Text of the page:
Abdominal Angina: Definition & Symptoms

Instructor: Danielle Haak

Danielle has a PhD in Natural Resource Sciences and a MSc in Biological Sciences

Abdominal angina is a fancy term for stomach pain after eating. In this lesson, we'll take a closer look at why abdominal angina happens, the different types that exist, and what symptoms develop.

What is Abdominal Angina?

Sarah is 67 and has never had any serious health issues, so she was very befuddled by the excruciating stomach pain that suddenly developed one afternoon after lunch. At first she assumed something she ate just disagreed with her stomach, but as the day went on the pain got worse and worse. In addition to the pain, she experienced bloating, felt nauseated, vomited, and developed a fever. By supper time she was on her way to the emergency room to find out what was going on.

After a number of diagnostic tests, Sarah found out she was suffering from a condition called abdominal angina, the medical term used to describe abdominal or stomach pain after eating. It may also be referred to as intestinal angina. Her doctor told her it's caused by a blockage in the arteries that deliver oxygen-rich blood to the cells of the small and large intestines. When cells are deprived of oxygen, they begin to die, and this causes pain.

Pain usually occurs after eating a meal because the cells of the intestines are being called into action to aid in digestion. If they don't have an adequate oxygen supply, they can't function, so digestion can't proceed as normal.

A blockage in any of the arteries feeding blood to the intestines can cause abdominal angina.
Arteries of the intestines

Abdominal angina is not a common condition, but women older than 60 and smokers are most likely to develop it. There are two types of abdominal angina: chronic and acute. Chronic abdominal angina refers to a condition that persists over a long period of time, whereas acute abdominal angina refers to a condition that appears suddenly and symptoms increase in severity quickly. Sarah was suffering from a case of acute abdominal angina.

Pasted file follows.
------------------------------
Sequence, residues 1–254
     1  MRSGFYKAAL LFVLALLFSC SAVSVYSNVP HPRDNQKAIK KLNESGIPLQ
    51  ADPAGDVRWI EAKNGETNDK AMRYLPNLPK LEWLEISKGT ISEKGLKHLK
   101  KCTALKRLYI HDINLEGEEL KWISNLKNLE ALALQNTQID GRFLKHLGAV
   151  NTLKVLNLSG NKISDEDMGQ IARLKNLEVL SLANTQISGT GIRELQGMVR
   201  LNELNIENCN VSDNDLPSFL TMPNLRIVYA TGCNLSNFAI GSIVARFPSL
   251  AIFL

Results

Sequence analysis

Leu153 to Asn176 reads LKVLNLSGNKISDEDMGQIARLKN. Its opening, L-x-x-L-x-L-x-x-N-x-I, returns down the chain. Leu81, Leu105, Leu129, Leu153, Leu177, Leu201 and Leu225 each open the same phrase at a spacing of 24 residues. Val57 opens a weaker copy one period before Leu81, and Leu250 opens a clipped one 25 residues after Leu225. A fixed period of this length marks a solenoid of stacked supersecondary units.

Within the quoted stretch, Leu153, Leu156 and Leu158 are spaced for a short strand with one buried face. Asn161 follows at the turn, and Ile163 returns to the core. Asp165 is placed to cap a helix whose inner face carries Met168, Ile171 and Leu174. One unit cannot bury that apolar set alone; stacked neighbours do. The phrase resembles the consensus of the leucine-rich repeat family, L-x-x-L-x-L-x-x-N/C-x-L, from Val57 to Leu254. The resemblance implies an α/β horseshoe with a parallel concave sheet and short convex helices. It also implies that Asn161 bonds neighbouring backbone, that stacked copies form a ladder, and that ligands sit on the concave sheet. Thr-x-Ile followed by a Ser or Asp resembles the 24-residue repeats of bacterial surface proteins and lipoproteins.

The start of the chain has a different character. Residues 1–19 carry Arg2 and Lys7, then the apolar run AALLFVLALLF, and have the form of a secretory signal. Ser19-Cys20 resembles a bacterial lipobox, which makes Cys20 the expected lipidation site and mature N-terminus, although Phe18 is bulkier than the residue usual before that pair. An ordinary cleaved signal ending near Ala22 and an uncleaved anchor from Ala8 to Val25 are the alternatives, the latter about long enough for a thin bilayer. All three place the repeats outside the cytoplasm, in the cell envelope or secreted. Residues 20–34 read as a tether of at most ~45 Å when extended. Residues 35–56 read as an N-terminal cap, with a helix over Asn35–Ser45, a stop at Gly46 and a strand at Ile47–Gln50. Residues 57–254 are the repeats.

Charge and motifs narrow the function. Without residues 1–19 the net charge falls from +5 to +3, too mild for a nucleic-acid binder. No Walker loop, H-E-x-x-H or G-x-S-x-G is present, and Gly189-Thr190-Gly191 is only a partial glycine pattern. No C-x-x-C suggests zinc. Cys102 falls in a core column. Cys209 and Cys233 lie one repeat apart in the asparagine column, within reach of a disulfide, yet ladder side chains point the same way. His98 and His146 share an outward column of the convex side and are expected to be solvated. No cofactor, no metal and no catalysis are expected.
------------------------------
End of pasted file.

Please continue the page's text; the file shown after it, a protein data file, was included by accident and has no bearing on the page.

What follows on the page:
The term 'angina' may be confusing, because we usually hear this term used in reference to chest pain caused by blockages in the coronary arteries, blood vessels responsible for delivering oxygen-rich blood to the heart. When the heart is deprived of oxygen, its cells begin to die, and this results in chest pain known as angina pectoris. In contrast to this angina experienced in the chest, abdominal angina is not caused by problems with the coronary arteries. Simply put, the term 'angina' is used because the primary symptom - pain - is similar to that of angina pectoris, but that's about where the similarities end.

Symptoms of Abdominal Angina

Symptoms of chronic and acute abdominal angina are similar, though they tend to intensify more quickly in cases of acute abdominal angina. In no particular order, symptoms may include:

  • severe pain or cramping in the abdomen, starting 10-15 minutes after eating and lasting up to 2-3 hours because digestion is delayed
  • nausea
  • vomiting
  • bloating or gas
  • anxiety
  • constipation or diarrhea
  • abdominal distention
  • blood in the stool
  • fever
  • weight loss, especially if the person begins to eat less to avoid pain

Treating abdominal angina requires identifying the underlying cause. The arteries supplying blood to the intestines can become blocked because of:

  • atherosclerosis: the hardening of arteries due to the buildup of fats or cholesterol, slowly narrowing the artery over time
  • a sudden blood clot
  • low blood pressure
  • congestive heart failure
  • a blockage in the veins of the bowel
  • blood clotting disorders
  • blood vessel disorders or abnormalities

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